SSL stands for Secure Sockets Layer, and is a method by which a client can access a web server securely. The SSL Handshake protocol uses a so-called SSL certificate to verify a server’s authenticity to a client. An SSL certificate specifies whom the certificate was issued to, whom it was issued by, the period of validity and the server’s public key. (Old SSL protocols have been superseded by TLS, but the principles involved are essentially the same.) At a very high level, the protocol proceeds as follows:
  1.  The client sends a ‘hello’ message to the server, requesting content.
  2.  The server sends the client its certificate, which contains its public key.
  3.  The client checks that the certificate is valid.
  4.  If the check passes, the client generates a session key, encrypts using the server’s public key, and sends this to the server. If the check fails, the client aborts.
  5.  The server decrypts the session key using its secret key.
The client and the server can now encrypt all data sent between them using the (symmetric) session key.

What can go wrong?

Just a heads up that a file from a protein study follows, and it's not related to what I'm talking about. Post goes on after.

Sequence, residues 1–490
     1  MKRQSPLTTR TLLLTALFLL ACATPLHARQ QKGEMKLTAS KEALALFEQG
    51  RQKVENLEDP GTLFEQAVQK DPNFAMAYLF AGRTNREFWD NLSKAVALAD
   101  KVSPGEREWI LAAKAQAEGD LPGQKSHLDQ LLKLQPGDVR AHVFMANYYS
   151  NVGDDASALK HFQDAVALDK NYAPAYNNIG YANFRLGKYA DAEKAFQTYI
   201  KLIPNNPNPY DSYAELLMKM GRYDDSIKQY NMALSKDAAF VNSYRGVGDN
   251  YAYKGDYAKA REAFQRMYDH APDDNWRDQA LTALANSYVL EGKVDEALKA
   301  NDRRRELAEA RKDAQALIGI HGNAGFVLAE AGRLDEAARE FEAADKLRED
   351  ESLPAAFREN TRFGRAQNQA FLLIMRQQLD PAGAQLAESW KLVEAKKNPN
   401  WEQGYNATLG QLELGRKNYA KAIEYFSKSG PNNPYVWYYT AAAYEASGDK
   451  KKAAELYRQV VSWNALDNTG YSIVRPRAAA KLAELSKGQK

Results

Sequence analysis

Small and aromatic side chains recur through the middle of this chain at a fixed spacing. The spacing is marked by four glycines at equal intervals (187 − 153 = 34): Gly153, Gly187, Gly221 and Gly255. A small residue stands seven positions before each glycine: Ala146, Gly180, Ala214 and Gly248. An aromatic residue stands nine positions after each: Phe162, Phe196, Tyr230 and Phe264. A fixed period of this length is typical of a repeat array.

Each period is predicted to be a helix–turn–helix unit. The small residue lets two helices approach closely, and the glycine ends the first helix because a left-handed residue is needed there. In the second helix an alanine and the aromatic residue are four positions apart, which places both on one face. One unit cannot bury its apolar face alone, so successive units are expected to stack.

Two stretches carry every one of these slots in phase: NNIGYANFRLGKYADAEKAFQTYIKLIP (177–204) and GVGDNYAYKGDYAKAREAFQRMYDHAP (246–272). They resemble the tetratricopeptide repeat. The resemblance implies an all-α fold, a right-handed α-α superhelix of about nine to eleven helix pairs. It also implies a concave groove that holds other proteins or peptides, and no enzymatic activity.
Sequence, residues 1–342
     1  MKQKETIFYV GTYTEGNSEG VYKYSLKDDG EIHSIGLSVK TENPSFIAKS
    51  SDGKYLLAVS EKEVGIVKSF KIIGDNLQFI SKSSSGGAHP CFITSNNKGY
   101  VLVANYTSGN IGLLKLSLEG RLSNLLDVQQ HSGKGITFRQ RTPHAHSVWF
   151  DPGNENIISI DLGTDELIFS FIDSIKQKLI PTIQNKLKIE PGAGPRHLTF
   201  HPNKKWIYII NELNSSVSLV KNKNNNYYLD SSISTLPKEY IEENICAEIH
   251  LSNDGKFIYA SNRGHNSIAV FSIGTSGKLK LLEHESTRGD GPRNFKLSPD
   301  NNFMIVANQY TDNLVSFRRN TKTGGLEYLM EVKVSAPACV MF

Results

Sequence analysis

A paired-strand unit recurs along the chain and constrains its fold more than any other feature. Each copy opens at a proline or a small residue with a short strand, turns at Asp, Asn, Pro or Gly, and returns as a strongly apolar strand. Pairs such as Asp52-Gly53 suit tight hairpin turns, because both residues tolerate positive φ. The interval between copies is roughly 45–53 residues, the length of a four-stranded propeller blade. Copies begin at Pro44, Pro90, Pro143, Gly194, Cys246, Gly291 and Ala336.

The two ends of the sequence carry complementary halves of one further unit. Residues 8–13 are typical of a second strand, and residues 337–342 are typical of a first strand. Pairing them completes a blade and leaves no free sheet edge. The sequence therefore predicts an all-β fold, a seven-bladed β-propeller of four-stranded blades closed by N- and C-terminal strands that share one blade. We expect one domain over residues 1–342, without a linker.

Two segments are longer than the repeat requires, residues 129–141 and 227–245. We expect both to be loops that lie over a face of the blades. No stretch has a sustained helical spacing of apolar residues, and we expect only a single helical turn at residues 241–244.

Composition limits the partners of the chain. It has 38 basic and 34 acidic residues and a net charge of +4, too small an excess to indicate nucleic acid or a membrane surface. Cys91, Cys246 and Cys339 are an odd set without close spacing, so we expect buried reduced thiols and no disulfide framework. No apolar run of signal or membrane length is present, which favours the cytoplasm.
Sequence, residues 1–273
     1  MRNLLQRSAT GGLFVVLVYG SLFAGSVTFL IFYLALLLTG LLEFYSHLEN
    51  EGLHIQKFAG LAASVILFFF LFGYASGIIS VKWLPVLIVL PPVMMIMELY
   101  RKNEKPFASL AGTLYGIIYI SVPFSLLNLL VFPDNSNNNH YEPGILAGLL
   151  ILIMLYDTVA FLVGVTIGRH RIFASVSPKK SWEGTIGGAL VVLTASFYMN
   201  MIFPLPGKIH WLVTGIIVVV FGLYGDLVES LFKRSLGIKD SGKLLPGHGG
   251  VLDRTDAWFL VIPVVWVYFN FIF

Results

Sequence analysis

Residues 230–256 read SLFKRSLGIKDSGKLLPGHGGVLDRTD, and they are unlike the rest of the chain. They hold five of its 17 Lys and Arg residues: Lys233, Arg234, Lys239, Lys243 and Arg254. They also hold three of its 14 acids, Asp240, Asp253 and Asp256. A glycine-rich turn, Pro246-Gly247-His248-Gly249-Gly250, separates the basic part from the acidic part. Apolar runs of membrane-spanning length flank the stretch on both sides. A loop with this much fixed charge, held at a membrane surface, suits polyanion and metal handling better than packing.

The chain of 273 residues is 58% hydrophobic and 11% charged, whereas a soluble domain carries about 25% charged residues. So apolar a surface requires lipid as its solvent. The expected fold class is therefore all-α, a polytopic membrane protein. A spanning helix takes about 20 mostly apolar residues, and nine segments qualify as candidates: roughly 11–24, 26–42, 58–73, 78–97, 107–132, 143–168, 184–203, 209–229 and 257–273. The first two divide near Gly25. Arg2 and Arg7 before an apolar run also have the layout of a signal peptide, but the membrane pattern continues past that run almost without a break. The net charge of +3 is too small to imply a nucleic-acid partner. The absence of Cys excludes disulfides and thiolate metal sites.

If the certificate is invalid, the client aborts. The problems this study considers are:
  •  Expired certificate: the certificate is no longer valid.
  •  Unknown certificate authority: the issuing authority is not known.
  •  Domain mismatch: the domain of the web server and the certificate’s listed domain do not match.
If one of the above occurs, the web browser will alert the user. The purpose of the study was to assess the effectiveness of the browser in conveying the severity of the problem to the user: strong warnings where the risks are small cause people to assume high-risk situations given the same warning are just as innocuous.

The Studies


Using a survey, the authors gathered data from 409 web users on their reactions to SSL warnings and their overall comprehension of the risks involved in ignoring them.

They found that context (i.e. the type of website visited) made little difference to whether or not a user would heed the warnings.

According to the data, respondents who understood ‘Domain mismatch’ and ‘Unknown certificate authority’ warnings were less likely to proceed than those who did not, whereas those who understood certificate expiry errors were more likely to proceed. In fact, the experimenters found that users consistently rated risk of an expired certificate lower than the other two errors.

The authors additionally report some wonderful responses from users, including:

  •  ‘I use a Mac, so nothing bad would happen’
  •  ‘Since I use FreeBSD, rather than Windows, not much [risk]’
  •  ‘On my Linux box, nothing significantly bad would happen’